Way Back When
by Margaret Morabito, Church Historian
Paying for Pews 1765-1768
6 PAYSON HILL ROAD
RINDGE, NH 03461
First Congregational Church
United Church of Christ
All churches need funding for operational costs and to assist in fulfilling their missions. Ours is no different. Let's take a look back at how we financed our early church.
Prior to Rindge's incorporation, the financing of the township, the Meeting House, and the pastor was the responsibility of the proprietors of Monadnock No. 1. Under their 1749/1750 charter, the proprietors (land owners) had the responsibility to pay taxes as well as to make improvements on their land. Over time, it became difficult to enforce tax collection from land owners, and in particular from non-resident land owners. The difficulty, in part, was the inability from a legal standpoint to enforce collections from all proprietors or to punish for non-payment. Early records show that, as a result of this, Monadnock No. 1 was hurting for lack of money, and this affected the church. So, what did they come up with to help finance the church?
Paying for pews. Shortly after the ordination of Reverend Dean in 1765, the proprietors voted that church pews would be sold to the highest bidder. This seems like a strange plan, counter to the teachings of Jesus. Before the plan was implemented, a pew committee was formed which modified the plan to give the highest tax payers the first choice of the pews and proceed down the line of members based on the level of taxes paid. The committee was in charge of determining which pews were most honorable, to carefully estimate the dignity of each individual, and to assign seats that matched. Since this included very subjective evaluations, some feared that the committee would select themselves as most worthy of the best seats. Therefore, a second committee was formed to prevent vanity selections. Not all of the pews were sold. In actuality, the payment for pews was for annual rental and not for permanent ownership.
While we do not know how much money the proprietors took in at that time, the annual rental of pews apparently was successful and was embraced by the congregation. History tells us that Congregational churches at that time followed the practice of paying for pews for church financing. Later records from our own church show that seating and pew payments continued to be arranged by committees. Much later, in 1794 for example, when they were planning on building the second Meeting House, the church raised $3,448 from the sale of pews.
By 1767, it became apparent that Monadnock No. 1 would need to be incorporated as a town so that taxes could be collected by the town, thus relieving the financial obligation and collection duties of the proprietors. In February of 1768, Monadnock No. 1 officially became the town of Rindge and the financing of the Meeting House expanded. An interesting sidenote is that Reverend Dean proposed that the new town be named Providence, at the request of the people of the congregation. The Governor, however, did not agree and the name was proclaimed to be Rindge, named after a Provincial Council member, Daniel Rindge. Another interesting tidbit is that the Rindge town charter included a requirement to reserve all suitable white pine trees for use as masts by the Royal Navy. But, I digress. Let's get back to the money part of things.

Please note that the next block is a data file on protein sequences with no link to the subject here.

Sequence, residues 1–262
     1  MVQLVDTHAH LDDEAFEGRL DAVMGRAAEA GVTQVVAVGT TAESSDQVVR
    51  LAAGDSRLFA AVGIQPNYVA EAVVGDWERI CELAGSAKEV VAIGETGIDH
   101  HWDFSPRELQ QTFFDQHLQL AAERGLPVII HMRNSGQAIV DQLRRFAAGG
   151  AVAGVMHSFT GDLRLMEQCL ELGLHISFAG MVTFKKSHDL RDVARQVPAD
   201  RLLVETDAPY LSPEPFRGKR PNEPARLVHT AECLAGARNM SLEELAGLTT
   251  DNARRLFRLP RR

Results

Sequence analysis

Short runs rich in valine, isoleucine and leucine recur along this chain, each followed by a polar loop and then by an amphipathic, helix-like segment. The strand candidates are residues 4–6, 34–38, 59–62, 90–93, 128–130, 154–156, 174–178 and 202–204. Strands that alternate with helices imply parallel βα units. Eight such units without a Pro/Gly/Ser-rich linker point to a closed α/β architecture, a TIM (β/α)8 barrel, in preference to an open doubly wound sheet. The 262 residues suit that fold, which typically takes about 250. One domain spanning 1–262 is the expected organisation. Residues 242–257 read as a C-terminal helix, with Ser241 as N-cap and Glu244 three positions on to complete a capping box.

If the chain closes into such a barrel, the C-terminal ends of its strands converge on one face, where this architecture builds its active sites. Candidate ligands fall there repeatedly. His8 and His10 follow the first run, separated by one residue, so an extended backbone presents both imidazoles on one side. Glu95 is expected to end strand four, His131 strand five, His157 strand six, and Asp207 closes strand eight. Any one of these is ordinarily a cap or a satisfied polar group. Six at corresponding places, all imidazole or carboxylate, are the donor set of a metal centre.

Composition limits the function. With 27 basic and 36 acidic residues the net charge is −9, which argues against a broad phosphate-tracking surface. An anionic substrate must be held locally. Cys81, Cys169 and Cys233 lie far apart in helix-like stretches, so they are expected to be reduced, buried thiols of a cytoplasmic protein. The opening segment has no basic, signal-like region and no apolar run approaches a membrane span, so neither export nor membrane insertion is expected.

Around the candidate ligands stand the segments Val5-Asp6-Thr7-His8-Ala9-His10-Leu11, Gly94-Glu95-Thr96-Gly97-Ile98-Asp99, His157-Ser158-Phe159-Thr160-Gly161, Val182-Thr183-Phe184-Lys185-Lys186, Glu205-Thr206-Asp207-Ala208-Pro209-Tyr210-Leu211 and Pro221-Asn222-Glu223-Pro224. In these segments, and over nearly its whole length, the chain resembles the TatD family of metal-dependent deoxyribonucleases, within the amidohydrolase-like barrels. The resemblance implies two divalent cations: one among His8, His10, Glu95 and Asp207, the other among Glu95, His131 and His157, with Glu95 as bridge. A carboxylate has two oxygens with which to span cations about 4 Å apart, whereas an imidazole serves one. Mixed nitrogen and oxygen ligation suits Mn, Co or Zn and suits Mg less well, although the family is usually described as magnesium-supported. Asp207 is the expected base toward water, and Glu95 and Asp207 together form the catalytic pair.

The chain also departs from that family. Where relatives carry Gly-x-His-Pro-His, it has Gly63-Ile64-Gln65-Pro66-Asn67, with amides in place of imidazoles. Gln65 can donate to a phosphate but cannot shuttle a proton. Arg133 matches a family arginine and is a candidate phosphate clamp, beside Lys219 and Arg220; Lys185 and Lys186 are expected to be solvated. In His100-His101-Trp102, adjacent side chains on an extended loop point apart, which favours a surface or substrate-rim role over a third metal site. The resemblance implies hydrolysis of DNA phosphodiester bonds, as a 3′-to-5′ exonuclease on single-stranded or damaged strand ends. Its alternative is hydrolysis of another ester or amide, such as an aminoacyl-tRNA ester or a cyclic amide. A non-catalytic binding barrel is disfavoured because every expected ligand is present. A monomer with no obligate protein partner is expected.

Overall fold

In 1768, the town government took control of the financing of Rindge. Taxes were levied on all property, both personal and real. Every citizen had a voice in the town's management, regardless of how much land he owned. Under the town's incorporation plan, the church was to be independent of the town in all matters dealing with faith and the observance of ceremonies. In selecting ministers, the town and the church acted together. In the payment of the minister's salary, in building and repairing meeting houses, the responsibility was the town's. Money raised for these purposes was voted at town meetings and the cost was assessed on all tax payers just as for paying for highways or other public items. The financing of the minister's salary and the building itself was therefore shared equally by all tax payers of the town and it was mandatory, without regard to religious affiliation. This situation sometimes led to conflict.
By 1768, the church was being financed by a combination of mandatory property taxes collected by the town and pew payments from the members of the congregation. How does this compare with our current methods of financing the church? Just ask any of our Trustees, read the Annual Report, or listen to the announcements each week. You will see the wide variety of ways in which we all contribute to help finance the operation and mission of our church.
(Sources consulted are Stearn’s History of Rindge, New Hampshire 1736-1874; and the Rindge Historical Society.)